Like teams all over the world, Penn men’s soccer is eager to get back on the field and is feeling as motivated as ever by the prospect of success.
In the three months since the onset of the COVID-19 pandemic and subsequent cancellation of athletic seasons, the players and coaches of the men’s soccer team have settled into a relatively nice rhythm, centering their schedules around weekly workouts, team Zooms, and overall doing their best to cope with the situation.
Flashback to the middle of March, when Penn had just announced an extra week of Spring Break, and athletic teams anticipated returning to campus for their spring training and scrimmages. Then, shortly after, it was clear that no one would be returning to campus following that week either.
So much was up in the air and the staff of men’s soccer knew that they needed to prepare for what seemed like a definite change of life, marked by a prolonged quarantine. With time against them in the short week, Coach Brian Gill and his staff began hammering out any kind of working plan for a team routine and schedule moving forward.
“Our job as coaches was to utilize some of the resources and technology and try to be creative as we could by getting the team together through team talks, bringing in guest speakers, or trying to make things relevant to them positionally,” Gill said.
Though many people's lives now rely on Zoom or other similar services, Coach Gill recognized and stressed the impending shift to online communication very early on. The team holds weekly Zoom meetings in addition to the players' group chats and more personal communication.
“We’re all just doing what we can, being as communicative, responsive and optimistic with each other as we can,” defender RC Williams said.
Strength and conditioning coach Stephen Brindle also sends workout videos multiple times per week, which are completed by groups of four or five players. Left back Kai Lammers also described how the team stays competitive and motivated with each other through group competition.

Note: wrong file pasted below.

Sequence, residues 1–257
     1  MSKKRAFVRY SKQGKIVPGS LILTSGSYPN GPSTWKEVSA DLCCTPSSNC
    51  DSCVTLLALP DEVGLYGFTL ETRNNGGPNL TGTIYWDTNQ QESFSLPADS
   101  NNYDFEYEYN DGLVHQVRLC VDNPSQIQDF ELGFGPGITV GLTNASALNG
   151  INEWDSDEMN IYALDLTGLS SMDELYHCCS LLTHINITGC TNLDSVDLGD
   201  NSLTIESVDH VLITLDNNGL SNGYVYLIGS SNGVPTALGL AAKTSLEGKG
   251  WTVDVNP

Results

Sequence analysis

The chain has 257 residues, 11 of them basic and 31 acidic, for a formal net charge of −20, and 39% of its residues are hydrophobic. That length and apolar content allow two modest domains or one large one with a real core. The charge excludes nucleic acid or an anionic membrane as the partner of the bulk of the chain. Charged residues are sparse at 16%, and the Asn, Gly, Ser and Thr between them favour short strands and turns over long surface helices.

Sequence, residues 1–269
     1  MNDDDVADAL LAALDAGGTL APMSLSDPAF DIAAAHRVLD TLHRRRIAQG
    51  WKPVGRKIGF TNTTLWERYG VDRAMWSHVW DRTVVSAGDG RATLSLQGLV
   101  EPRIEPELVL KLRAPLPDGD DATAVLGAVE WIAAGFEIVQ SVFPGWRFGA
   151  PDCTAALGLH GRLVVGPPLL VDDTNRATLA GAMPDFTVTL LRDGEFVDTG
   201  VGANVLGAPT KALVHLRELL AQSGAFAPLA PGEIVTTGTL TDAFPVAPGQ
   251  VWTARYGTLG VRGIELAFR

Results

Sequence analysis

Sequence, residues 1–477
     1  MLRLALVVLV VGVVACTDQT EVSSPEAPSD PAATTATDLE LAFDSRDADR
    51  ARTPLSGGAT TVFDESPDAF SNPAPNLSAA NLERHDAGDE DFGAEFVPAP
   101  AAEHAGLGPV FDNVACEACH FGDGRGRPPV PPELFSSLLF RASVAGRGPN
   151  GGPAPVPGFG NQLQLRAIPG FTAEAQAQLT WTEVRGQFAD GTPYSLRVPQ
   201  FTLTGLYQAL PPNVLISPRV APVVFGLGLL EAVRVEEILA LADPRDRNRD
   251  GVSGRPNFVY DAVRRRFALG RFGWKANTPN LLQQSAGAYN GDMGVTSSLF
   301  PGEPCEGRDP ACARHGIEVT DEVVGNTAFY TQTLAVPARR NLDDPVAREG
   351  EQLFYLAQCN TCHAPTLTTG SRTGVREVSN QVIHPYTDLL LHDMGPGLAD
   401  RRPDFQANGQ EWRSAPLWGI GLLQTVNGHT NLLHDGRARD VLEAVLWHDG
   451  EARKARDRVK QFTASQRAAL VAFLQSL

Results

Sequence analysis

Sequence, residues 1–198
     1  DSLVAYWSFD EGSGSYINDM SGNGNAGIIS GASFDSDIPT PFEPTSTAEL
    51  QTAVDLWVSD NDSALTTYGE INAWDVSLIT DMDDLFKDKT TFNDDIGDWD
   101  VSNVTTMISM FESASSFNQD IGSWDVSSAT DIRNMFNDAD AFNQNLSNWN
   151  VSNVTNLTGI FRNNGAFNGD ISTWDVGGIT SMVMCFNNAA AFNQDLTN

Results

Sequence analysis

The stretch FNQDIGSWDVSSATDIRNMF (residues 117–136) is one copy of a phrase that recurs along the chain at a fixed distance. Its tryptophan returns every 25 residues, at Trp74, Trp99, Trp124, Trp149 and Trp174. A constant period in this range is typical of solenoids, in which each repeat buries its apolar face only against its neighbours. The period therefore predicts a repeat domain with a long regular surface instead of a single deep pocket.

The soccer team keeps a running tally of points, which are earned during practice and the offseason. This system has now morphed into multiple groups sending a juggling video and teams earn points based on how many others can perform the juggling trick.
“They have to be creative in their own ways to follow through on the workouts that are being given to them, and to continue the work of keeping the team tight,” Gill said. “One of our main focuses within the program is to have a competitive environment with a sense of togetherness with our locker room.”
The Red and Blue are organized, focused, and purpose-driven. In many ways, the team has become even closer, as individuals really must expend effort and energy if the team environment and culture is to survive.
While the structure and routine provided by the coaching staff during quarantine has been essential, the onus is on the players to ultimately adjust and figure out how to continue striving for the ultimate individual and team objective: an Ivy League championship.
Yet, while every member of the team knows the final goal, the players have emphasized the importance of staying in the moment and not focusing on all the uncertainty of what lies ahead.
“Our coach has always preached, ‘Just control what you can control,’” Williams said. “We try to stay in the moment, do all of our workouts, and stay close together as a team.”
Following a tough second-place finish in the Ivy last season, men’s soccer desperately hopes to play in any season ― whatever form it may take.
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